How to Protect Children Who Use Online Gaming Platforms

Gaming_May 10
May 10, 2024

Studying extremism in video games led me to many alarming findings. By far the most disturbing was the young age of those who witness and participate in extremist rhetoric and behavior in online gaming spaces.

In a multinational survey our Center commissioned in 2023, 17% of gamers under 18 reported they had come across extremist statements or narratives — statements like “The white race is superior to other races” and “A particular ethnicity should be eliminated.” In addition, 15% said they had experienced violent threats or some other form of acute harassment.

Contrary to what one may expect, the story of radicalization in video games is often not about sly adults preying on children. Rather, radicalization frequently involves teenagers enticing younger children — some as young as six years old — to engage in progressively incendiary rhetoric and dangerous activity, through a process known as the “radicalization funnel.” This reality is illustrated in the case of Daniel Harris, a teenager in the UK who was radicalized online and whose extremist materials shared on gaming-adjacent platforms like Discord inspired other teenagers, including the perpetrator of the 2022 shooting in Buffalo, New York. The Harris case was recently the subject of a BBC radio documentary, “The Boys Are Not Alright.”

The pattern of children and teenagers being implicated in online extremism has prompted several concerned stakeholders, including the producer of the BBC documentary, to ask me: How can parents and caretakers shield children from the dangers of extremist recruitment, exploitation, and other harms online without constantly having to look over their shoulder?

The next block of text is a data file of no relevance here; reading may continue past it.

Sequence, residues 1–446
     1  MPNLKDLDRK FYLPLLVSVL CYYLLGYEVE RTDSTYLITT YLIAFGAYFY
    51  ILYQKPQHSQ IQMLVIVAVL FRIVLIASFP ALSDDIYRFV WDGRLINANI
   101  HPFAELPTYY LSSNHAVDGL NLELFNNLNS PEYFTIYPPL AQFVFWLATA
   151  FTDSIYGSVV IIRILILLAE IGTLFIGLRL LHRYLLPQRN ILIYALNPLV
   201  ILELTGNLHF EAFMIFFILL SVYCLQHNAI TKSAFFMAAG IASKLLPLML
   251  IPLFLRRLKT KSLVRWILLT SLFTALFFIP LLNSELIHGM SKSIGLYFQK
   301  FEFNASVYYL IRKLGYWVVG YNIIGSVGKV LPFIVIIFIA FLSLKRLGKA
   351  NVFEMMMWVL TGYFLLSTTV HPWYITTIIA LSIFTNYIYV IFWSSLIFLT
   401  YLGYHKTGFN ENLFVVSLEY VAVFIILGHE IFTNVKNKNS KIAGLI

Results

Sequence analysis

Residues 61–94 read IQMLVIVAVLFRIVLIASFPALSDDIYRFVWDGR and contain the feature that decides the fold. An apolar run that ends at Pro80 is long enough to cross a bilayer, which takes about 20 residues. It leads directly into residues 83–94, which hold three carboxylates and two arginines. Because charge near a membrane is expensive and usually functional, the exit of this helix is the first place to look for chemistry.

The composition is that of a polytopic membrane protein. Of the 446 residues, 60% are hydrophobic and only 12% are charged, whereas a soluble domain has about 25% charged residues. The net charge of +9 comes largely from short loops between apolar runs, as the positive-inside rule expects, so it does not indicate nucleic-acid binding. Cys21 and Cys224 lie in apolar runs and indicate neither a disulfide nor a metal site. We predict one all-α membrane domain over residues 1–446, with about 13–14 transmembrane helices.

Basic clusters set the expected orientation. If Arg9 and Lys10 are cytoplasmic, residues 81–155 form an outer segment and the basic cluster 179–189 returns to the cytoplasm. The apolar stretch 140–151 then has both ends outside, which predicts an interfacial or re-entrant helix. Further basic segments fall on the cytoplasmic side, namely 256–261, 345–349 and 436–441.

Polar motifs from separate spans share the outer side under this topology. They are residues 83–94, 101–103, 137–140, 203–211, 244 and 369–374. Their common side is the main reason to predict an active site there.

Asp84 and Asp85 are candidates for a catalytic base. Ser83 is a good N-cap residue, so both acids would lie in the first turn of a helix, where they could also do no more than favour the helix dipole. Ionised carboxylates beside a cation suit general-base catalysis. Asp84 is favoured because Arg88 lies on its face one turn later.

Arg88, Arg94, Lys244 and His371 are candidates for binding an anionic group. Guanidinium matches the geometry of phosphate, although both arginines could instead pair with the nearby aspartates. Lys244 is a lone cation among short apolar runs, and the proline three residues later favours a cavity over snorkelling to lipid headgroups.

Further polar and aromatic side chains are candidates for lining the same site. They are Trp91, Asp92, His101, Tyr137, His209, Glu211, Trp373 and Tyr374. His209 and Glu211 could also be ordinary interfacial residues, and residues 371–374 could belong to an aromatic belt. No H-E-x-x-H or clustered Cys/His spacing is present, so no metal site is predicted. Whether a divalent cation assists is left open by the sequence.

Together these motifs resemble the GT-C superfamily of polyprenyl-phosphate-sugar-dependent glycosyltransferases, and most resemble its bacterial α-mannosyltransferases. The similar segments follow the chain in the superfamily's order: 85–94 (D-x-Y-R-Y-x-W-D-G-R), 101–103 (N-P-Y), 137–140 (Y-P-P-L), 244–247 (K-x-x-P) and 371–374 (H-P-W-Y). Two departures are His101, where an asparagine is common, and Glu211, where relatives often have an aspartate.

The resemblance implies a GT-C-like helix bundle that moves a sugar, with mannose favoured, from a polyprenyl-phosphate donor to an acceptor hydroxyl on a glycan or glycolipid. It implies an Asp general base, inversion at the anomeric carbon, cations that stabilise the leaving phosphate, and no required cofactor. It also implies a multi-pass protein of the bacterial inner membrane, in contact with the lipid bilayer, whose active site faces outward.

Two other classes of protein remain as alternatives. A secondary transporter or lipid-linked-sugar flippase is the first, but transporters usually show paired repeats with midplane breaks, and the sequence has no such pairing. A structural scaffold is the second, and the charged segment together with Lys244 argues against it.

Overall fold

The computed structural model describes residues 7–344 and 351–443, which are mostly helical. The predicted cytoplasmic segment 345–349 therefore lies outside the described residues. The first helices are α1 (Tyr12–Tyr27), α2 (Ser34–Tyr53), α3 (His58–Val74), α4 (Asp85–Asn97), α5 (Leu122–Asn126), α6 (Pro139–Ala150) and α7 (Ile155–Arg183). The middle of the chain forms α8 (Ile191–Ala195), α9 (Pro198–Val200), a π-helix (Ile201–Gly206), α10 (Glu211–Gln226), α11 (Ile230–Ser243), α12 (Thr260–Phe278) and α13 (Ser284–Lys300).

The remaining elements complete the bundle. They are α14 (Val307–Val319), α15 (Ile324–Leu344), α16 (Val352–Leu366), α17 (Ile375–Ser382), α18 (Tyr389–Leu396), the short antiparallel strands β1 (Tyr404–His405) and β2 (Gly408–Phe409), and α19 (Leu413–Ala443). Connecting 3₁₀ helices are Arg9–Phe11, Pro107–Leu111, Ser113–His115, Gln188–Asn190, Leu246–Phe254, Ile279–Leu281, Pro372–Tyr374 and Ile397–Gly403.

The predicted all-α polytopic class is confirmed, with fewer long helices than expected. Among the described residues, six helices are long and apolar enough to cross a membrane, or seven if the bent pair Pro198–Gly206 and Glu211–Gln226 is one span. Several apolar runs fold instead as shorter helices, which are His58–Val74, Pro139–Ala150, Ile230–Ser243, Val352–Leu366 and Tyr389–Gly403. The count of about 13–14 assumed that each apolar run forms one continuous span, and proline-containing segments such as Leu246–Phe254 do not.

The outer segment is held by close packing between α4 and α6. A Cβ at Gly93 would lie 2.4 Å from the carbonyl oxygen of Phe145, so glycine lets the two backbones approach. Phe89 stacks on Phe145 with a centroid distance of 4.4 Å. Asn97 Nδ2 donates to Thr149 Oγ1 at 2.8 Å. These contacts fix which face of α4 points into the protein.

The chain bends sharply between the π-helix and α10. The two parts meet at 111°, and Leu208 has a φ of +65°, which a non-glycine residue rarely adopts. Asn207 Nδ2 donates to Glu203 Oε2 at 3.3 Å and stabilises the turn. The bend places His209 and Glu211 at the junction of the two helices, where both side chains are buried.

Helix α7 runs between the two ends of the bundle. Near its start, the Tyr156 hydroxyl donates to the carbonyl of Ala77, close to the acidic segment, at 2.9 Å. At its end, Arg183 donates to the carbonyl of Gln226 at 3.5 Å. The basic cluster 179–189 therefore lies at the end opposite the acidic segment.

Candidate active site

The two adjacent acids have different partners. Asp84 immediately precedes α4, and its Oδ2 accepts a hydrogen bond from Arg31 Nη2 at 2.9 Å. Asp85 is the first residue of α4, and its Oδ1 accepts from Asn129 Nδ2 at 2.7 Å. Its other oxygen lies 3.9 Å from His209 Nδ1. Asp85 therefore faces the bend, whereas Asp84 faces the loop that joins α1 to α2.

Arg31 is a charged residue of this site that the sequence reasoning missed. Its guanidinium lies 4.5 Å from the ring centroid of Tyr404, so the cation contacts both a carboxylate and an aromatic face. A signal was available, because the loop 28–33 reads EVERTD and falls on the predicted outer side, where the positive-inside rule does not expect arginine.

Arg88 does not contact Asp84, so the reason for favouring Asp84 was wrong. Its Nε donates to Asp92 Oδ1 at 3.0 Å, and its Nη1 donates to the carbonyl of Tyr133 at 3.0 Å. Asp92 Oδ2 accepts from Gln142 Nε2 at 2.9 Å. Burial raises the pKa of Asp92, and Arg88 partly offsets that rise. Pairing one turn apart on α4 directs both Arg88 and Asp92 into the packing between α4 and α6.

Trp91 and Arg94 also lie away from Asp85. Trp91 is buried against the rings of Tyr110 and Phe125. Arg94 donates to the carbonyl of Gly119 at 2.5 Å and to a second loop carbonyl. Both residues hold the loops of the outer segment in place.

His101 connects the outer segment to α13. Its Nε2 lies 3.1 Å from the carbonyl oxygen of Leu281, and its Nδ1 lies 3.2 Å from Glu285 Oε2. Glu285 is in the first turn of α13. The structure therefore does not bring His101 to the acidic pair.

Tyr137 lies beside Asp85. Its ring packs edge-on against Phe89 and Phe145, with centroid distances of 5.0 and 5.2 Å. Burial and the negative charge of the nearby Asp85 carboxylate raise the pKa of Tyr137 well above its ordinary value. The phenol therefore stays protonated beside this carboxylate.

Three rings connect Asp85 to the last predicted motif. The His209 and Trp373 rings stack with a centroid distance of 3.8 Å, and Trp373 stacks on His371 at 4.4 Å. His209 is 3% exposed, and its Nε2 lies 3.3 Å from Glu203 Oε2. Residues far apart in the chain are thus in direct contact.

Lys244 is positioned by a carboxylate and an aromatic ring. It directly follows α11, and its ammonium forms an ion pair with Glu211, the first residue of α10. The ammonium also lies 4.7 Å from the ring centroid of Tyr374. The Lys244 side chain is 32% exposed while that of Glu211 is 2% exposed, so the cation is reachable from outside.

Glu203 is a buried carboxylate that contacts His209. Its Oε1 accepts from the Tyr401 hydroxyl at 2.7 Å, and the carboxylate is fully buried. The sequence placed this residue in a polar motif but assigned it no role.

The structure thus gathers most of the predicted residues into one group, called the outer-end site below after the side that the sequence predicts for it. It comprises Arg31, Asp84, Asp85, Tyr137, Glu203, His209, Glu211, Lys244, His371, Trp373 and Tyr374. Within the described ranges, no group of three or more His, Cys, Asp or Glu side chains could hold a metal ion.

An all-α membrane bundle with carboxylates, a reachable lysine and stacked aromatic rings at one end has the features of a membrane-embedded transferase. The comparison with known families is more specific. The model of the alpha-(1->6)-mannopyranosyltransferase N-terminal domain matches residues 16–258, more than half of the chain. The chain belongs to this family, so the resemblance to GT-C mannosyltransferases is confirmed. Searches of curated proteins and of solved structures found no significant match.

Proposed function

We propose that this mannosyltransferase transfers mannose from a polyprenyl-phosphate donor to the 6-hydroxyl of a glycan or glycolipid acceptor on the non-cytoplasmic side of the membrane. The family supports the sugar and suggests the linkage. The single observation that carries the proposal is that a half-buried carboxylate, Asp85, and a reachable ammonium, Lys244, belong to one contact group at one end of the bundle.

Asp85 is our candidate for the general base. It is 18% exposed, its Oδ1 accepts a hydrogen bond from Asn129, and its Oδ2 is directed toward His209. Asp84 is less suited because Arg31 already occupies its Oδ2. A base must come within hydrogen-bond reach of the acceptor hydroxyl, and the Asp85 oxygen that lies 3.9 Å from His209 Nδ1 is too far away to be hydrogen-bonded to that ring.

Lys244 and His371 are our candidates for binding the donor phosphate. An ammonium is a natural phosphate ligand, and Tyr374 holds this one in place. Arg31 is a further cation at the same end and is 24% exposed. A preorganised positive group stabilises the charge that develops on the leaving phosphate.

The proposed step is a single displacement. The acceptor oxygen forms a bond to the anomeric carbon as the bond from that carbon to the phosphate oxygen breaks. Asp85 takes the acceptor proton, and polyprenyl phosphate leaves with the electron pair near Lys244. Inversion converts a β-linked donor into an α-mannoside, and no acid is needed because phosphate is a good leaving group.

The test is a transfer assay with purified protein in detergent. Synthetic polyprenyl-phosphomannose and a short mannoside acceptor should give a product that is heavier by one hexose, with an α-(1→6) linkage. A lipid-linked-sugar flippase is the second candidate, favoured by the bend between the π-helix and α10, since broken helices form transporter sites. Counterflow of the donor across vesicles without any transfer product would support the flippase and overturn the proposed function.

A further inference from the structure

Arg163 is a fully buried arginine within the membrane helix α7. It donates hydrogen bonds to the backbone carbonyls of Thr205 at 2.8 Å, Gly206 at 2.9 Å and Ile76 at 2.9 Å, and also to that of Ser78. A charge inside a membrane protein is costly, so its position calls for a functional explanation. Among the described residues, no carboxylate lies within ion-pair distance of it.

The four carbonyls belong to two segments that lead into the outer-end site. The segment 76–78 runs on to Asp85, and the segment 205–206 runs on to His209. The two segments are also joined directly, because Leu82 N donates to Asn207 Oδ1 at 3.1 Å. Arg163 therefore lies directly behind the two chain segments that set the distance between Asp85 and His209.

In response to this question, I often fall back on the option of “parental controls,” which are useful but often rudimentary and easily circumventable settings that some (but not all) platforms offer. However, a recent technology came to my attention which holds more promise. Devised by a startup called Kidas, the technology consists of a scanning algorithm, installed alongside standard virus-scanning software, which monitors conversations on more than 200 video game platforms in addition to Discord, the popular gaming-adjacent platform.

When the scanning algorithm detects a potential harm emerging from communications on these platforms, it alerts parents in real time and shares a set of expert-informed recommendations on how to handle the threats. Parents have to take the initiative to buy and install the product — which is good in terms of ensuring consent for otherwise privacy-invasive software, but bad in terms of accessibility. Most parents are not aware that this product exists, and some may not be able to afford it.

Technological innovations such as Kidas’ software cannot solve the problem of online radicalization. But they can offer interim options for concerned parents who want to protect their children online.


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